What can COVID-19 teach us about drug shortages during a global emergency?
TORONTO, July 23, 2020 — During a global pandemic, countries world-wide run the risk of drug shortages due to supply chain disruption. The current COVID-19 pandemic has brought attention to this issue, as many regions struggle to adapt to evolving logistical changes resulting from this global emergency.
To address this developing concern, Katie J. Suda, Pharm.D., M.S., professor of medicine at the University of Pittsburgh School of Medicine’s Division of General Internal Medicine, and Mina Tadrous, Pharm.D., M.S., Ph.D., assistant professor of Pharmacy at the University of Toronto and scientist at Women’s College Hospital, will be leading an international collaboration with an award from the IQVIA Institute for Human Data Science, to determine the effect of COVID-19 on drug supply chain and shortages, as well as the effectiveness of country-level drug shortage policy.
“The frequency, persistence and duration of drug shortages has increased dramatically over the last decade, leading to supply disruptions of thousands of drugs every year, and outcomes like worsening illness, increased hospitalization and premature death for patients” said Dr. Suda. “Although the problem of drug shortages is well known, we don’t yet know the impact of drug shortages during a global emergency.”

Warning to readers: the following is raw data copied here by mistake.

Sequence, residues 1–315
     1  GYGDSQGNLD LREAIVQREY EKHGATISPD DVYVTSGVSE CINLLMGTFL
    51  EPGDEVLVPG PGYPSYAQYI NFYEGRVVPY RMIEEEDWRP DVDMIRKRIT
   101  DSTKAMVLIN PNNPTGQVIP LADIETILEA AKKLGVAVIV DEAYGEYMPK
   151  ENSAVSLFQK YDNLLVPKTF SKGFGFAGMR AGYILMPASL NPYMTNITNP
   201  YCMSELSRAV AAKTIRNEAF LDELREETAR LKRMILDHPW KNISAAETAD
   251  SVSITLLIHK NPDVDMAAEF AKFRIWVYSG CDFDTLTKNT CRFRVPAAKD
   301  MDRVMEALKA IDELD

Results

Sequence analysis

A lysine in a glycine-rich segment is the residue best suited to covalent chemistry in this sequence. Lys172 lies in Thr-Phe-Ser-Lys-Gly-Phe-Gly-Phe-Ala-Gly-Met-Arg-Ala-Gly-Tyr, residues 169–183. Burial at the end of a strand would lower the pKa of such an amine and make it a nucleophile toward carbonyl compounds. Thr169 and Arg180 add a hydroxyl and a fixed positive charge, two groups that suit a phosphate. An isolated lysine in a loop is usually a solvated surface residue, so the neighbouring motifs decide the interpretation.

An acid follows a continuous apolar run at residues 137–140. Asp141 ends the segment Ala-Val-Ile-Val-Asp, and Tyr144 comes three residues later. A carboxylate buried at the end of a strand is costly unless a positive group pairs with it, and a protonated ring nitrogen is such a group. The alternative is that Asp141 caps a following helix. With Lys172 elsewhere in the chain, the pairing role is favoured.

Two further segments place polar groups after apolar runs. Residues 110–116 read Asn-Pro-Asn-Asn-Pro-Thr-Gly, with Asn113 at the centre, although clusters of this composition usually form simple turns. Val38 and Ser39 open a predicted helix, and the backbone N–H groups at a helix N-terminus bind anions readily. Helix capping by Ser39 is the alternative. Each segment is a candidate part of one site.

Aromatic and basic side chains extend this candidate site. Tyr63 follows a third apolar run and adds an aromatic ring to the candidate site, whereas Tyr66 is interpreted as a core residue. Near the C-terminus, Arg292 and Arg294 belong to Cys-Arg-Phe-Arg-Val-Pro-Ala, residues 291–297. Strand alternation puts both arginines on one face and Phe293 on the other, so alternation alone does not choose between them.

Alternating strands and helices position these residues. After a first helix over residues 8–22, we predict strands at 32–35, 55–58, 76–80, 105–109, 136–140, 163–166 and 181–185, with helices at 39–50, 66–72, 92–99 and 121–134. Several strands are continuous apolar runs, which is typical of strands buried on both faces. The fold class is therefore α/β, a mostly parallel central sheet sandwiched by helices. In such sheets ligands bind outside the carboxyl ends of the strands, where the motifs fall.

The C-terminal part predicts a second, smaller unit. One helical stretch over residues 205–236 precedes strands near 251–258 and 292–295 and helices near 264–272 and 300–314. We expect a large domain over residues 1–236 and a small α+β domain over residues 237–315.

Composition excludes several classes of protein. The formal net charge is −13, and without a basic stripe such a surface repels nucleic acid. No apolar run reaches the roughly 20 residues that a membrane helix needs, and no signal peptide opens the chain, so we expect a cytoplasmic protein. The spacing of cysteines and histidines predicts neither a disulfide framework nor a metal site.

“It is clear that the 2019 Coronavirus disease (COVID-19) pandemic has significantly impacted the drug supply chain,” said Dr. Suda. “Assessing drug shortages during the COVID-19 pandemic with real-time data from more than 70 countries will inform health policy locally and globally.”
Several countries around the world, including the U.S. and Canada, have successfully implemented various strategies to minimize drug shortages. Comparing the drug supply chain in different countries, each with their own policies, can reveal policy effectiveness and inform future policy-making decisions.
“The complexity and scope of this issue requires us to apply a comprehensive and collaborative approach that incorporates global insights and comparisons. Our team aims to develop an international consortium which will provide us with the opportunity to develop a common approach to drug shortages and global insights,” explained Tadrous. “Our research will help to inform risk mitigation strategies going forward with application for policy, formulary development, procedure and pricing.”
The team’s research will help inform the response to the over-arching drug shortage problem even after the COVID-19 pandemic. By making the findings publicly available through open-access journals, editorials, podcasts, and op-eds, their research will inform risk mitigation strategy to develop policy, formulary development, procurement, and drug pricing.
FOR FURTHER INFORMATION PLEASE CONTACT:
Women’s College Hospital
Communications Specialist, UPMC